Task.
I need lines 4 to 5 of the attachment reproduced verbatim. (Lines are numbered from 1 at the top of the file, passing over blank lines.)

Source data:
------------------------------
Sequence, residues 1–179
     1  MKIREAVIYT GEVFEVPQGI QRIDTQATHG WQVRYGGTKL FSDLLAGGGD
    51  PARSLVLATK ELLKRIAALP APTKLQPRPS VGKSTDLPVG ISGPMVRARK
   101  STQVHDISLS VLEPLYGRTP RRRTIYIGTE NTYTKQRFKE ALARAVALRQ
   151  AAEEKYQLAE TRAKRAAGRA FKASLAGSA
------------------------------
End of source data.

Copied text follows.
   101  STQVHDISLS VLEPLYGRTP RRRTIYIGTE NTYTKQRFKE ALARAVALRQ
   151  AAEEKYQLAE TRAKRAAGRA FKASLAGSA